Substances & Homeopatic Remedies

Thlaspi bursa pastoris

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Capsella o Nasturtium bursa-pastoris

Etymology

Capsella from capsa= little box or little bag
Bursa Pastoris=shepherd purse

Family

Traditional name

Used parts

Whole plant.
Mother Tincture Q

Classification

Plantae; Spermatophyta, Angiospermae - Flowering Plants; Dicotyledonae; Dilleniidae; Capparales; Cruciferae / Brassicaceae - Mustard Family

Keywords

Brass-like

Original proving

Capsella bursa pastoris. Thlaspi bursa pastoris. Shepherd's purse. Tinct. of plant.
     Fincke: Tr. I. H. A., 1895.
     Macfarlan: High Pot. Provings. Hom. Phys., V. 12, pp. 279, 524; V. 13, pp. 288, 383, 385, 389, 391, 433, 491, 527; V. 14, p. 18.

Description of the substance

A glabrous or hairy herb with long and tapering root, 15 to 20 cm tall, sparingly branched: Basal leaves oblong, 5 to 10 cm long, pinnately lobed, cauline leaves much smaller, lanceolate to linear, entire or denticulate, auriculate at base; recemes at anthesis congested, at maturity, greatly elongate. Often forming half the total height of the plant, pedicels at maturity widely spreading, 1 to 2 cm long. Flowers 2 mm wide; petals about twice as long as the sepals. Fruit obcordate triangular, 5 to 8 cm long. The lateral margins straight or outwardly curved.

This intrusive little annual grows to a height of from 6 to 18 inches. Root tap - shaped. Stem erect, simple, or branching at the summit, smooth or sometimes pubescent. Leaves mostly rosulate at the root, pinnatifid or pinnatifidly toothed; stem leaves sessile and partly clasping, more or less sagittate, toothed or in some cases entire, especially those at the base of the racemes. Inflorescence apparently a dense cluster at the summit of the stem, but as fruiting advances showing a racemose arrangement; flowers minute, white; pedicels long, especially in fruit. Sepals ovate, long - pointed, and having inserted about their middle a filamentous appendage. Petals spatulate. Anthers sagittate. Style short; stigma capitate. Silicle obcordate triangular, flattened contrary to the septum; valves 2, scaphoid, wingless. Seeds numerous; cotyledons plane, incumbent. Read description of Cruciferae under Sinapis alba, 23.

This European immigrant has become too thoroughly a nuisance as a weed about the cultivated lands of this country from Florida northward and westward, where it flowers from earliest spring to September.
This plant was formerly classed with the genus Thlaspi, from which it was removed on account of its wingless valves.
     
The fresh plant, gathered when the flowering season is about half completed and the fruits rapidly forming, is chopped and pounded to a pulp and weighed. Then two - thirds by weight of alcohol is taken, the pulp thoroughly mixed with the spirit and the whole pressed out in a piece of new linen. The tincture thus prepared has, after filtration, an orange - brown color by transmitted light, a peculiar odor, resembling decayed vegetation, a pungent taste, too like its odor, and an acid reaction.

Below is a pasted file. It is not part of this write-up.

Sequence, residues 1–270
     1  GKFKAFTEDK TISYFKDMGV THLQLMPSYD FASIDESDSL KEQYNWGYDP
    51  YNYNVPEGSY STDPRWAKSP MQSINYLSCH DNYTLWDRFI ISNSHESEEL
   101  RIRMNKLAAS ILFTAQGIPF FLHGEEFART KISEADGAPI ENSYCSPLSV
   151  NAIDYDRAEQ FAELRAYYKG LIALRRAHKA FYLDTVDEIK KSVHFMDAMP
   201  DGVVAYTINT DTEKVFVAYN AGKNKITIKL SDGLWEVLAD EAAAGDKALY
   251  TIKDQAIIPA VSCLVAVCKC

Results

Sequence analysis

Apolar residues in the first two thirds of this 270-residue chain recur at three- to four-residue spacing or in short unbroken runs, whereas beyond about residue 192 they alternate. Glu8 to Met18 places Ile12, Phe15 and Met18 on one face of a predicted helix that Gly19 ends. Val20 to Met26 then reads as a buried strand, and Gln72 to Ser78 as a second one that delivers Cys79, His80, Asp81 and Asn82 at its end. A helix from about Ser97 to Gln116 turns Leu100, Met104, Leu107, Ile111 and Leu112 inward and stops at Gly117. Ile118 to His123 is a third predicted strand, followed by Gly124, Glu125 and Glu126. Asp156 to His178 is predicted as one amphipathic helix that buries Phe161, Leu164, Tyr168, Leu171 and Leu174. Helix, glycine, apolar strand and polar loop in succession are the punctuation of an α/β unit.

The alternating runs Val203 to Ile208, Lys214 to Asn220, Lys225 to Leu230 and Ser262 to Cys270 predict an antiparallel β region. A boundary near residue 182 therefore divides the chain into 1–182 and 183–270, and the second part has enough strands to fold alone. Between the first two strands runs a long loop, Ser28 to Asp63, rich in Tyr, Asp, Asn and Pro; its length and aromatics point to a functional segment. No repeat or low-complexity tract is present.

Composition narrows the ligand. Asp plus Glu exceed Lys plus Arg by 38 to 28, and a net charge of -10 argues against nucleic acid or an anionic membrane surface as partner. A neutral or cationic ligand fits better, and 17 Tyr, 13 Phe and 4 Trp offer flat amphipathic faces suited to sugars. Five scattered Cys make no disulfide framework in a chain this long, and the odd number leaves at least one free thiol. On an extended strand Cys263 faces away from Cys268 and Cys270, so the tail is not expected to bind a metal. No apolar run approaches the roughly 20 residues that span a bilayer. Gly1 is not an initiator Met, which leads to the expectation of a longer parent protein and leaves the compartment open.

Shepherd's Purse is so called from the resemblance of the flat seed-pouches of the plant to an old-fashioned common leather purse. It is similarly called in France Bourse de pasteur, and in Germany Hirtentasche .
The Irish name of 'Clappedepouch' was given in allusion to the begging of lepers, who stood at cross-roads with a bell or clapper, receiving their alms in a cup at the end of a long pole.

It is a common weed of the Cruciferous order, said to be found all over the world and flourishing nearly the whole year round.

A native of Europe, the plant has accompanied Europeans in all their migrations and established itself wherever they have settled to till the soil. In John Josselyn's Herbal it is one of the plants named as unknown to the New World before the Pilgrim Fathers settled there.

It will flourish and set seed in the poorest soil, though it may only attain the height of a few inches. In rich soil it luxuriates and grows to 2 feet in height.

The plant is green, but some what rough with hairs. The main leaves, 2 to 6 inches long, are very variable in form, either irregularly pinnatifid or entire and toothed. When not in flower, it may be distinguished by its radiating leaves, of which the outer lie close to the earth.

The slender stem, which rises from the crown of the root, from the centre of the rosette of radical leaves, is usually sparingly branched. It is smooth, except at the lower part, and bears a few, small, oblong leaves, arrow-shaped at the base, and above them, numerous small, white, inconspicuous flowers, which are self-fertilized and followed by wedge-shaped fruit pods, divided by narrow partitions into two cells, which contain numerous oblong yellow seeds. When ripe, the pod separates into its two boat-shaped valves.

The odour of the plant is peculiar and rather unpleasant, though more cress-like than pungent.

It has an aromatic and biting taste, but is less acrid than most of the Cruciferae, and was formerly used as a pot-herb, the young radical leaves being sold in Philadelphia as greens in the spring. It causes taint of milk when freely eaten by dairy cattle.